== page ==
For decades we have been fighting this battle against cancer in some respects backwards.  Of the billions of dollars we spend annually on adult cancer research, seldom does that money trickle down to benefit children, because children’s cancers and their bodies are different.  Currently, one in five children diagnosed with cancer die within five years and of those who live, up to 75% suffer significant long-term complications from the very treatment intended to save them.

But—here’s the critical point—money spent on childhood cancer research can and does trickle up to benefit adults and society as a whole.  That’s what Sam’s Foundation is all about. We exist to help fund cancer research intended to save the lives of children who currently face death sentences from their cancers while at the same time offer hope for long-term, far-reaching translational benefits to society as a whole.  

It is our deepest desire for Sam’s death to have not been in vain.  If collectively our efforts can save the life of just one other child such as Sam, I would consider all our work to have succeeded.  And with increased awareness and funding, we are of the opinion that this goal is not a question of if but when.   

 A father shouldn’t need to answer the question “What would you like to do on Father’s Day” with “I’d like to visit my son’s gravesite.”  For thousands of dads across the country today, this day is bittersweet, as bereaved fathers are reminded that a part of what made them a whole person is now gone forever.

Childhood cancer is a larger problem than most people realize.  Although certain types of childhood cancer—notably the most common type leukemia—have 5-year survival rates of 80-90%, many other types of childhood cancer have a survival rate of zero.  Further, even those childhood cancers boasting relatively high 5-year survival rates, fully two-thirds or more of those affected children will suffer significant to severe long-term complications from the “treatments” that were supposed to save their life.   Sam’s Foundation exists to fund research for childhood cancers that are currently death sentences to those who contract them and funds research aimed at finding safer, more effective treatments for all types of childhood cancer.  By focusing on these two critical aspects of the problem of childhood cancer we hope to benefit a dramatically underserved  segment of the childhood cancer landscape while at the same time offering translational benefits that extend to all childhood cancers—and beyond.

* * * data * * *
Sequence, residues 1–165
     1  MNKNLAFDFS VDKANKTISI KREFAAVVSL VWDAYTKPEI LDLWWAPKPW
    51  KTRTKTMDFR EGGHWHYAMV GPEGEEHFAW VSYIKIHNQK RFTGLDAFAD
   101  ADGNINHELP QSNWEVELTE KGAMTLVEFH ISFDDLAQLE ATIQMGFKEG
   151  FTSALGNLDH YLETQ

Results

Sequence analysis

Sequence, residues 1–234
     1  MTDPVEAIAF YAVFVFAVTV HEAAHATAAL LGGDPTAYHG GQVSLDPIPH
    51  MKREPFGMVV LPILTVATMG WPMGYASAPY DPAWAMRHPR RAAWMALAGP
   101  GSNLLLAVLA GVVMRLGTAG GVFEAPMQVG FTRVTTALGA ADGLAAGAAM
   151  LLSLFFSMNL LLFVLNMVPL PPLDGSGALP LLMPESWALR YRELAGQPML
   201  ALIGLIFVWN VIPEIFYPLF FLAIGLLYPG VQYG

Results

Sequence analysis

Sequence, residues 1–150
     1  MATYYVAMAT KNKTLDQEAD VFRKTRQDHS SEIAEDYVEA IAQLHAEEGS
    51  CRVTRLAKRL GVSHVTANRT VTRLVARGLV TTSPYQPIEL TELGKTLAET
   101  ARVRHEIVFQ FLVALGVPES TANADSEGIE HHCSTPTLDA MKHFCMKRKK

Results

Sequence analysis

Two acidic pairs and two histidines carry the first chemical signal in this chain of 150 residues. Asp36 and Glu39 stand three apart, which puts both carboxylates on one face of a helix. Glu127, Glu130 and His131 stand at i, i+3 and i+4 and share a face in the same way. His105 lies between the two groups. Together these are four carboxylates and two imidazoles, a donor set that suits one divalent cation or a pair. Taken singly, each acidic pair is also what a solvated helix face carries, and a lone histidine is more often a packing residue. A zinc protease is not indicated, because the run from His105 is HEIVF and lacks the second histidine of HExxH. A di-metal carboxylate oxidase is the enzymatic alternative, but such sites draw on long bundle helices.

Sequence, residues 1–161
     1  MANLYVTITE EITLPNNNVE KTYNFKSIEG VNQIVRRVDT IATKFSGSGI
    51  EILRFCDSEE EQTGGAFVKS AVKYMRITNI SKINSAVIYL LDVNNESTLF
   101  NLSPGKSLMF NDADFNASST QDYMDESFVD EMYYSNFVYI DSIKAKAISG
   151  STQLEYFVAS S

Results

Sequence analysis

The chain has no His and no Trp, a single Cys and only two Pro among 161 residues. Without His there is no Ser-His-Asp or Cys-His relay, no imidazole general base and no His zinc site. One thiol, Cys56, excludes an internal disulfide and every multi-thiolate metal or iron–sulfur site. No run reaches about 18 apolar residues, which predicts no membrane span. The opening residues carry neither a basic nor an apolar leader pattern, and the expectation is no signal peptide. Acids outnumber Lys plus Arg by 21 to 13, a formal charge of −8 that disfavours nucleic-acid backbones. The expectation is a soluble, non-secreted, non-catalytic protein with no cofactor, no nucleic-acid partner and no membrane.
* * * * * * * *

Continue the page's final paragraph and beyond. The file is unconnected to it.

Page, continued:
In these problems—which should by no means be minimized as they are literally a matter of life and death for our children—there is also tremendous opportunity.  And it’s a far larger opportunity than I believe society today realizes.  Sam’s Foundation wants to change both that perception and reality.

We believe that money spent on adult cancer research seldom trickles down to benefit children diagnosed with cancer because children’s cancers—their situation, their needs and their bodies—are different than adults.  The same poison we administer to the 60-year old woman with breast cancer or the same radiation we use to blast the 70-year old man with prostate cancer do not have the same effects on the bodies of a 6-year old child.   Yet, when we fund research to save children’s lives and develop safer, more effective treatments for children with cancer, the results can and do trickle up to benefit adults.

 

This is such a critical point that I want to repeat it again—when we fund childhood cancer research we are in fact also funding adult cancer research.  Yet the opposite is not always true.  The reasons that we do not fund childhood cancer at the same level as adult cancer research seem, on their surface, logical enough.  Those 46 children diagnosed every school day amount to about 10,000 children per year.  Far more adults contract cancer than do children—a point we must concede.  But because of that, pharmaceutical companies have no economic incentive to spend billions on research for such a small addressable market.